Philippe Douste-Blazy, France's foreign minister, said on Sunday he had asked the Finnish foreign minister, Mr Erkki Tuomioja, for a meeting so that the European countries could clarify their contributions to the United Nations Interim Force in Lebanon (Unifil).

France, the driving force behind the UN resolution that ended the fighting between Israel and Hezbollah, has said it will contribute only 200 army engineers to the proposed 15,000 strong international peace-keeping force.

France has indicated that it might send more troops in a second, larger deployment if the UN gives soldiers a stronger mandate to defend themselves.

"We want clarifications from the United Nations on the mission of Unifil, on the chain of command, how it will be organised, how this force should report on its actions and to whom," Douste-Blazy told France's Info Radio on Sunday.

Fears of attack

The French government fears that combat troops might come under attack from Hezbollah.

Michele Alliot-Marie, the French defence minister, told France's RTL radio on Friday: "You can't send in men telling them: 'Look what's going on, but you don't have the right to defend yourself or to shoot'.

UN troop contributions

France: Has sent 200 engineers. Wants to lead the UN mission.

Bangladesh: Has offered two mechanised brigades totalling up to 2,000 soldiers

Malaysia: Has offered up to 1,000

Indonesia: Has offered one mechanised battalion of up to 1,000 troops

Turkey: Government pressing UN for stronger rules of engagement. May offer up to 5,000

Italy: Was considering up to 3,000. No firm decision yet

Spain: Government considering offering 700-800 troops

Germany: No land forces. Will send naval forces to patrol the coast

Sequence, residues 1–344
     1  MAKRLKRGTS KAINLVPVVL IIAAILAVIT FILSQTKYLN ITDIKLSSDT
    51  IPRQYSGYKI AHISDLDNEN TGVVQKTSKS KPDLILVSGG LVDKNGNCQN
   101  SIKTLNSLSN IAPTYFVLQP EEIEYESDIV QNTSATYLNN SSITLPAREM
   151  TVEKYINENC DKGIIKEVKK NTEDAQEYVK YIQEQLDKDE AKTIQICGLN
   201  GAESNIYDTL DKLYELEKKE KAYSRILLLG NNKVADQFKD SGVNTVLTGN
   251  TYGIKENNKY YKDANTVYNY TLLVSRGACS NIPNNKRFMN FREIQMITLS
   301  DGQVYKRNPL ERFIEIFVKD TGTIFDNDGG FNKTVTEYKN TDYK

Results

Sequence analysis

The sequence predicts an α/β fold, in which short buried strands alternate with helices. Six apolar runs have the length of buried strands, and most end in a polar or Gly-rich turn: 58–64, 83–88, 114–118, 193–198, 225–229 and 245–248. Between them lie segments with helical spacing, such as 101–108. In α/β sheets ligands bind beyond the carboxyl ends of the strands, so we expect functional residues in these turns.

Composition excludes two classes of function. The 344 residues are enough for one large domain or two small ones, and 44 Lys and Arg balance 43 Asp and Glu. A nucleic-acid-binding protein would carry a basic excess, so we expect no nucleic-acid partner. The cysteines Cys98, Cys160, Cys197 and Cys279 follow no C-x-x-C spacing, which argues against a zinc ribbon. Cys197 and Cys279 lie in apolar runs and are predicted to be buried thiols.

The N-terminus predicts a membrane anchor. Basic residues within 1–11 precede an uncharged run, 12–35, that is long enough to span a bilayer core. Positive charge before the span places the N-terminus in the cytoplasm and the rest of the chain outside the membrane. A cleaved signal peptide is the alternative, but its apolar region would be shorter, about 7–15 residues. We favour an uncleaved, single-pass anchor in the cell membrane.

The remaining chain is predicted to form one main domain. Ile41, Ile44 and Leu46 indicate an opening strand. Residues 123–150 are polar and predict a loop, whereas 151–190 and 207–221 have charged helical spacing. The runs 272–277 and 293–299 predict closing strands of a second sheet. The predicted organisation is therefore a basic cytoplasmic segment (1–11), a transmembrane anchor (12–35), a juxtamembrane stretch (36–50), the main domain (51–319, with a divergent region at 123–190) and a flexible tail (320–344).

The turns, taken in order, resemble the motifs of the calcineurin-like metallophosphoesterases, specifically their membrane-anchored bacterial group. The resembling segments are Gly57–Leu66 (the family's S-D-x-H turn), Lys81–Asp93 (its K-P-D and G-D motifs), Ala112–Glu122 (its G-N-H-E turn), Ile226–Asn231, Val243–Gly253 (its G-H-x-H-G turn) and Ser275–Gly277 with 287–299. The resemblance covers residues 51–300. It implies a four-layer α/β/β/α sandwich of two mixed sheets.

Finland: Is sending 250 troops in November

Denmark: Is sending two ships. Some ground forces might follow

Nepal: Has offered several hundred soldiers

Bulgaria: No firm decision. May offer several hundred troops

UK: Has offered to contribute air and naval forces

US: Will offer logistical support

"I'd like to remind you of the experience of painful operations where UN forces did not have a sufficiently precise mission or the means to react," she said.

France lost 84 soldiers in Bosnia in the early 1990s while 58 French peacekeepers were killed in a 1983 bomb attack in Beirut by Lebanese Muslims.

On Sunday, 150 French troops left France for Lebanon to join 200 troops already stationed there as part of the existing Unifil mission.

Israel has said that it is disappointed by the small French contribution.

"The disappointing decision to limit to 200 the number of French soldiers deployed to Lebanon has provoked astonishment and confusion," a senior official in Israel's foreign ministry said.

"We hope that France has not said its last word," he said.

"If not, its decision cannot but contribute to bring us a step back, with the re-arming of Hezbollah, which will wait for an opportune moment to restart its hostilities."

Mark Malloch Brown, the UN deputy secretary-general, said more countries needed to join the peacekeeping force.

The UN wants to have 3,500 soldiers on the ground by August 28. Fifty countries have been approached with a view to contributing.

Israeli objections

Amir Peretz, Israel's defence minister, has reportedly said that Lebanese troops should not be allowed to deploy along the Israeli border until an international force there can guarantee that Hezbollah fighters are not also returning to the area.

"We will continue to prevent the Lebanese army from deploying within 2km [1.2 miles] of the border, before the deployment of the multinational force," a senior government official quoted Peretz as telling Sunday's weekly cabinet meeting.

"Under no circumstances will we allow Hezbollah to approach the border," Peretz reportedly said.

Lebanese troops have already deployed along parts of the Israeli border, including at the Fatima Gate border point in the Lebanese village of Kfar Kila.

Terji Roed-Larsen, the UN envoy to Lebanon, said the Lebanese army has deployed more than 1,500 soldiers in three sectors of the south where Israeli forces have left.

The 2,000 peacekeepers of the old Unifil mission have set up checkpoints and started patrolling the areas, he said.